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Class warriors take on poor schools with education cuts

Our Liberal-run states are locked into a self-made and self-fulfilling prophesy of budgetary crisis. It seems that running a deficit budget which is at the heart of liberal Keynesian economic theory is…

NSW Education Minister Adrian Piccoli (left) has slashed funding for state schools. AAP/Paul Millar

Our Liberal-run states are locked into a self-made and self-fulfilling prophesy of budgetary crisis. It seems that running a deficit budget which is at the heart of liberal Keynesian economic theory is anathema today to Victoria, NSW and Queensland state treasurers.

And if a state needs to cut its budget you might assume it would look at non-essential services, such as the state promotion and marketing budget or support for major private corporate events such as horse racing.

But what do Queensland and NSW do? Well conservative voters have private health cover and their children attend independent schools so they attack the essential services that cater for the more disadvantaged sectors of the community: health and education.

And if the education budget is to pruned then you might assume that the first place to wield the razor might be the schools that need money the least, and the schools that are not actually answerable to the state that funds them - the independent and Catholic school sectors. But that would be too logical by half.

So while the private schools will have their budgets maintained after incredible pressure from backbenchers and their lobbyists, including his eminence Cardinal Pell, the private school system walks away with its budgets intact.

They will cry poor, and say that they have taken a real cut because of lack of indexation. The chief executive of the Association of Heads of Independent Schools of Australia, Kim Cull, said the funding cuts would stifle non-government schools' ability to cater to the disadvantaged.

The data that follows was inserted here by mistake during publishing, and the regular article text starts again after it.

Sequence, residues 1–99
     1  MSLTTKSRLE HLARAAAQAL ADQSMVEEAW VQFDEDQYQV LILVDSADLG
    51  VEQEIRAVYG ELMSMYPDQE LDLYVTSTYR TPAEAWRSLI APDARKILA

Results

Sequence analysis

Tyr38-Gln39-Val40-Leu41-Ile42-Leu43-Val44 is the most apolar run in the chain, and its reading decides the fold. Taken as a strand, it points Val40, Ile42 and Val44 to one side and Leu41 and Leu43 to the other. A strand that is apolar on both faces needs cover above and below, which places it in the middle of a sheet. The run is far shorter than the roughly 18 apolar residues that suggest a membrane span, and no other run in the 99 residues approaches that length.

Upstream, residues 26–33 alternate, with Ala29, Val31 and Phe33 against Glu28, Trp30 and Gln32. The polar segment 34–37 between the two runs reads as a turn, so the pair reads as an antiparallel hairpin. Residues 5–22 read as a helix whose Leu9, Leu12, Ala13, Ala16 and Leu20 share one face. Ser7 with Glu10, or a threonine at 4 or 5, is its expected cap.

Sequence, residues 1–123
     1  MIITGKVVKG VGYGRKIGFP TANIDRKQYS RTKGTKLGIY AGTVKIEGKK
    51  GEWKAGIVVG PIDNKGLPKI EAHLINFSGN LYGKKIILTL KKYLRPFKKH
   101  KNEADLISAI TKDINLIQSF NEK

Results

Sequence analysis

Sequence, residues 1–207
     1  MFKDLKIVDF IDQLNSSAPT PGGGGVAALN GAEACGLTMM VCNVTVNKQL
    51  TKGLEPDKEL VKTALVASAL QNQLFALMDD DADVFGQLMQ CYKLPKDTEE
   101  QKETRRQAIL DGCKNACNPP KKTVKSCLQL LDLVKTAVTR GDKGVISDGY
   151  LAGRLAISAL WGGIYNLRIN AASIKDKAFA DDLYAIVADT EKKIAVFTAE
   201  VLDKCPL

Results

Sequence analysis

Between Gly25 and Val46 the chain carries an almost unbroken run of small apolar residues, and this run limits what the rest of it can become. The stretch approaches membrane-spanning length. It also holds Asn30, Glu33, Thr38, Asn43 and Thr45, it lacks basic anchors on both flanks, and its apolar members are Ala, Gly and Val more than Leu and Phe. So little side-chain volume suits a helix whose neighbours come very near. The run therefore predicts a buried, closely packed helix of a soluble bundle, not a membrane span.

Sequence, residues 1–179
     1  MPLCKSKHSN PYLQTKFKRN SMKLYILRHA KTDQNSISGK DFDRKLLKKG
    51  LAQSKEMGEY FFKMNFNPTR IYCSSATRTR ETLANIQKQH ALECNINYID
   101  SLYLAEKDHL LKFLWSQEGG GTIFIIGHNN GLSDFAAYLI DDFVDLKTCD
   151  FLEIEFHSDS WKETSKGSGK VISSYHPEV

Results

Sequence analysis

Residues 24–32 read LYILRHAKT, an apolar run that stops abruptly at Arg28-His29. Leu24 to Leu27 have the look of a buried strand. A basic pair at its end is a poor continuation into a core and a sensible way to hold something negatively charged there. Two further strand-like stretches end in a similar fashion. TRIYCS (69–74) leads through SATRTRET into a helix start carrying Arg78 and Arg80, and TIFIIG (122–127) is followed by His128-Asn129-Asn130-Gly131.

Given that 80% of disadvantaged children, 85% of Indigenous children and 79% of children with disabilities attend government schools, he shouldn’t be too worried about the impact on his system.

At the same time the NSW government has followed the incredibly same short-sighted path as Victoria, slashing TAFE staff and increasing TAFE fees by twice the amount of inflation. Those who attend TAFE come from the more disadvantaged communities of our nation. They will not have the ability to pay their fees and will vote with their feet. Never mind the question of who will build the infrastructure of the future if the country doesn’t have skilled tradespeople.

And just like in Victoria, NSW Education Minister Adrian Piccoli said teachers' jobs would be unaffected, with the job cuts to come from the “back office”, from state and regional offices of the department. Clearly the minister has no idea how education works in the state school system.

So-called “back office” staff are the exact same professionals who would oversee the lifting of standards of student achievement, run the testing programs, implement the new National Curriculum and look after student and teacher welfare. These day-to-day essential services are absolutely required if the children of NSW are to have the very best education possible.

But this phenomenon is not isolated to NSW. In Victoria not only has Premier Ted Baillieu failed to keep his promise to make Victoria’s teachers the best paid in Australia, but education minister Martin Dixon has also slashed $74 million from so-called “inessential” staff such as literacy and numeracy coaches, along with more than $100 million from alternate year 12 courses almost exclusively offered by disadvantaged state schools.

At a time when Australia’s educational achievement is slipping and the Gonski Review has called for huge increases in funding to ensure that the growing equity gap between advantaged and disadvantaged communities is closed, such actions are not only counter- productive but incredibly short-sighted.

Tim Soutphommasane recently wrote in The Age:

Barely a week now goes by without someone crying ‘class warfare’, though it is the super-rich and their political allies who complain the most. The phrase has become part of the new conservative political correctness in this country. Any redistribution of resources tends to be portrayed as illegitimate government action, any talk about social justice to be denounced as an exercise in downward envy.

Tim is right, this indeed is a class war. But as always, its the poor who lose out in the end.